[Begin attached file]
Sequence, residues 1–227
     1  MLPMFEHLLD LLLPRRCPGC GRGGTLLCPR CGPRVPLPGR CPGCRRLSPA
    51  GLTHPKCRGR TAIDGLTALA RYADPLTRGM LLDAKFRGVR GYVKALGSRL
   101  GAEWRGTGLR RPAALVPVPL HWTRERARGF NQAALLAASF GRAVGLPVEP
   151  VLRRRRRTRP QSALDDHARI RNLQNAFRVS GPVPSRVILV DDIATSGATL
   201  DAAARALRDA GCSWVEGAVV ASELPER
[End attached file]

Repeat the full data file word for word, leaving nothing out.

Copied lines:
Sequence, residues 1–227
     1  MLPMFEHLLD LLLPRRCPGC GRGGTLLCPR CGPRVPLPGR CPGCRRLSPA
    51  GLTHPKCRGR TAIDGLTALA RYADPLTRGM LLDAKFRGVR GYVKALGSRL
   101  GAEWRGTGLR RPAALVPVPL HWTRERARGF NQAALLAASF GRAVGLPVEP
   151  VLRRRRRTRP QSALDDHARI RNLQNAFRVS GPVPSRVILV DDIATSGATL
   201  DAAARALRDA GCSWVEGAVV ASELPER